Mr. Haugen has been helpful in adding to the conversation and clarifying the issue, but no actual answer or "fix" to why the wave forms do not respond correctly has been discovered. I assume as Mr. Haugen suggested maybe PP is just not capable of eading the 32 bit float waveforms as Audition is.
Again the sound of the audio is fixed correctly when I lower the gain in premiere, but the audio waveforms are not responding correctly the way they do in Audition.
If Adobe support would like to jump in ...would love to hear from them!
same clip of 32 bit audio, the top had the gainlwered by 18db in Audition, the bottom had the gain lowered by 18db in PP.
I'm still assuming the Premiere audio software simply doesn't work to display dorectly from the 32-bit float audio audio files. And may or may not for some time. Not all that helpful, but you aren't getting any more. They don't ever discuss what might be coming in a future release.
I figured as much, it was kinda just a jab at them because of their email asking if someone else had helped me in the forum.
I am happy that it decodes it correctly and I get the desired control of the actual audio file, even without the propper waveform. As of now FCP still cannot decode it properly so I guess thats a win for Adobe useres. As anyone who has edited accross multiple NLE in their career can attest to, no one NLE is perfect, and for me PP is the best even with it's wierd glitches and bugs.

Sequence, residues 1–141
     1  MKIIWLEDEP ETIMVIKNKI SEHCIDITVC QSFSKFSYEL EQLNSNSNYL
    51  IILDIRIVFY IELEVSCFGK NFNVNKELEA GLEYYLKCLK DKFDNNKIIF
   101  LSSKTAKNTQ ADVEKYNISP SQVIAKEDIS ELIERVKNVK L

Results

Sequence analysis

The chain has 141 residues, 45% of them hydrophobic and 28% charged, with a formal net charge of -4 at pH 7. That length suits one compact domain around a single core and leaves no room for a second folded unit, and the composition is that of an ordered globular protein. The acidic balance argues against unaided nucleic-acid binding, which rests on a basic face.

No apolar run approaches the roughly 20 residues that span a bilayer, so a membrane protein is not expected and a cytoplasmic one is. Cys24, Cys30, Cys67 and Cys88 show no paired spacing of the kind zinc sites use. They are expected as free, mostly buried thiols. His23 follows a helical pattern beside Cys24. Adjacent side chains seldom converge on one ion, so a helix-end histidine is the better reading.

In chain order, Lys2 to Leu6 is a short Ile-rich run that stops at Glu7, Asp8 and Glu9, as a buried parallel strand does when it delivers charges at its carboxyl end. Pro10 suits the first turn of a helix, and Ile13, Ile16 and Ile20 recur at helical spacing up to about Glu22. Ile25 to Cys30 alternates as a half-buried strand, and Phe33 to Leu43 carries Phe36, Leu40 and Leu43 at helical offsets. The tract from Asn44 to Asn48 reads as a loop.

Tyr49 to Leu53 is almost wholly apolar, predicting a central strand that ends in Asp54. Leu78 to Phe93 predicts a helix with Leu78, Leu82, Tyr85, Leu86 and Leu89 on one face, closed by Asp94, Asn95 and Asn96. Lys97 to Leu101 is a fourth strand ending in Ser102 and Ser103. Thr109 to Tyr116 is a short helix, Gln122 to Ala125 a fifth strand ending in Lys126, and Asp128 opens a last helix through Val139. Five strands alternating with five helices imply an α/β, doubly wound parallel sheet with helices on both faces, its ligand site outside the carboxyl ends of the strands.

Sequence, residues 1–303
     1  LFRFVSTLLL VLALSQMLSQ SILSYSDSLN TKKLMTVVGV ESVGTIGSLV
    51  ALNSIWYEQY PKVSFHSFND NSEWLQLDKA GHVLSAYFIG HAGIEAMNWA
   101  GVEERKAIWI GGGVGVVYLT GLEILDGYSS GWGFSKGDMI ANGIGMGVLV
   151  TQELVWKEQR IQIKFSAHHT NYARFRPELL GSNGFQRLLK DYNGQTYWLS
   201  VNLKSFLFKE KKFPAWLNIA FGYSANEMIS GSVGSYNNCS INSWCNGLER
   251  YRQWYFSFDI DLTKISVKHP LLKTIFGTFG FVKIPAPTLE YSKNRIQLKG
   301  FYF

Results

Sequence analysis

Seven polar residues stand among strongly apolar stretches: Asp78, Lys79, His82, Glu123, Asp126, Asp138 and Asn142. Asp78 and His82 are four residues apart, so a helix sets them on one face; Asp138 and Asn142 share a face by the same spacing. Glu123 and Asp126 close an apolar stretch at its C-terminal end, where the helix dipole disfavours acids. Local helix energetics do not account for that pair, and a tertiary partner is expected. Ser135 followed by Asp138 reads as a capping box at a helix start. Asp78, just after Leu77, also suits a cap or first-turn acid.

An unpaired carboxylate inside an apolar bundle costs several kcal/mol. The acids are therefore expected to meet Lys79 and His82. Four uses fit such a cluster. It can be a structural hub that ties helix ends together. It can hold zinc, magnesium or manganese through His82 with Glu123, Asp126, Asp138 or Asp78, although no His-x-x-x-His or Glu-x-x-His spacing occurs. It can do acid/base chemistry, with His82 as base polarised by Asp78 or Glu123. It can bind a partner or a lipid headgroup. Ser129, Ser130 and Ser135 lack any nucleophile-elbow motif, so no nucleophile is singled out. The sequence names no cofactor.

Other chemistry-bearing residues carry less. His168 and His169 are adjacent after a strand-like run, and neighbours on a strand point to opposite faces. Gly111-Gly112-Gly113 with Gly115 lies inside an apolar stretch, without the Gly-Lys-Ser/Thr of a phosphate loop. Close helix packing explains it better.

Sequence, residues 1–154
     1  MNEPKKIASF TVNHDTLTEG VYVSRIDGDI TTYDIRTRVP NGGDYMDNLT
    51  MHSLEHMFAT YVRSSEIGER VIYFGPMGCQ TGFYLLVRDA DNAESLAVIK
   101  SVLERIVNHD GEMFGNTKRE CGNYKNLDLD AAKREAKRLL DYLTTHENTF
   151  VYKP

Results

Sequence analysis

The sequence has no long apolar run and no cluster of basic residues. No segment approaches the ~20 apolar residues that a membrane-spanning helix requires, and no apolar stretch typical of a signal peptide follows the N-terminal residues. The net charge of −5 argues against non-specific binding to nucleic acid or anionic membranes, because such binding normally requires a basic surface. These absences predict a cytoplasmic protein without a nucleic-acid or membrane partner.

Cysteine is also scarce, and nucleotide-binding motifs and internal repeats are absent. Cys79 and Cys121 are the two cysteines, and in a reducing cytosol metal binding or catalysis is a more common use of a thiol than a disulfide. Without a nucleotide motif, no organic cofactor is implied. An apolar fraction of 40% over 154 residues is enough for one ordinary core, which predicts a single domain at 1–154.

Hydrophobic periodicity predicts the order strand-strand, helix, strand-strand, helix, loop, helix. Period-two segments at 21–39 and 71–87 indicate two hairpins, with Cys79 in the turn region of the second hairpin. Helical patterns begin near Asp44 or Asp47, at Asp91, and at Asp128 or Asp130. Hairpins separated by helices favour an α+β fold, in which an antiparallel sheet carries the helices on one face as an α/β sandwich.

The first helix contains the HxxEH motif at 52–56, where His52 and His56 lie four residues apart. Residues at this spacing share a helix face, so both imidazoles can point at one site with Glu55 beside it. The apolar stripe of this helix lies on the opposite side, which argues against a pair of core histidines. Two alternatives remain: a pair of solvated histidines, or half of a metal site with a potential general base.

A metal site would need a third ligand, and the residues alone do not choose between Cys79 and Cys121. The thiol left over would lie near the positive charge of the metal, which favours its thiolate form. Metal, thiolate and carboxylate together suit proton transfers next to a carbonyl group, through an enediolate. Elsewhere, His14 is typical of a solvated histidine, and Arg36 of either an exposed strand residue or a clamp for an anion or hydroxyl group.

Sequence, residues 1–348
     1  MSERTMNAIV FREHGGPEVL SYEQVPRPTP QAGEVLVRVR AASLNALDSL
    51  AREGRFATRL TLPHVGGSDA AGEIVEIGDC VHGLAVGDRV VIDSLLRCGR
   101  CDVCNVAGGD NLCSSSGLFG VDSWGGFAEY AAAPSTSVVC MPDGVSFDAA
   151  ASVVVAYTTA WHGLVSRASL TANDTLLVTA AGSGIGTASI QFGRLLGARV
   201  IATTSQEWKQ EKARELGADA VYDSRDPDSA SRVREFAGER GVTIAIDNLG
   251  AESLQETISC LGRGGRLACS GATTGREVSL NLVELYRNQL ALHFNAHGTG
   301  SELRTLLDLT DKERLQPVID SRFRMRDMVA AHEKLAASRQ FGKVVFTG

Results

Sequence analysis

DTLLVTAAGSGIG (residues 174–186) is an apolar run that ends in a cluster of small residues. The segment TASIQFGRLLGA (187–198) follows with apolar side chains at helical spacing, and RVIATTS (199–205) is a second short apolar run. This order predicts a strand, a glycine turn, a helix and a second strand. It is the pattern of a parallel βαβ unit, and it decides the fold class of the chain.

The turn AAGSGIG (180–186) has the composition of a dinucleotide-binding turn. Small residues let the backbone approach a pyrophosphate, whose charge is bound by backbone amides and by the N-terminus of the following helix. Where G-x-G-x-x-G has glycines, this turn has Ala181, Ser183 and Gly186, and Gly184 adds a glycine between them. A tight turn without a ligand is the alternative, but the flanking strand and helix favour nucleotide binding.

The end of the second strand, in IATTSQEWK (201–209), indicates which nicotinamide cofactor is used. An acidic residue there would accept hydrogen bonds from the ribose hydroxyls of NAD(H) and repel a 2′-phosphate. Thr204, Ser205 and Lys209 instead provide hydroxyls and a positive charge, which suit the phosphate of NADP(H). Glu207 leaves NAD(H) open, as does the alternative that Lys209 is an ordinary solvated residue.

Thanks again for walking through it with me.
Yea, none of these apps are perfect. They're all just tools, fancy hammers ... as someone who deals with both PrPro and Resolve, all the colorists I know have a long list of long-suffering bugs or UI issues they'd like changed. But they're able to work around things.
Yea ... whichever works, use it.
Oh I see you haven't found a solution. When I tested a new 32bit flatpoint recorder in January the waveform adapter correctly. Now it doesn't. My guess - it's a glitch from the latest update.
No, I have not been able to get it show the forms correctly yet in PP. Which recorder did you have sucess with before?
With the MixPre3ii. It was actually in December when I saw the full waveforms in Premiere and now I updated to the last one and they look clipped but sound correct like you explain.
Thank you! At least I know it's not a zoom problem!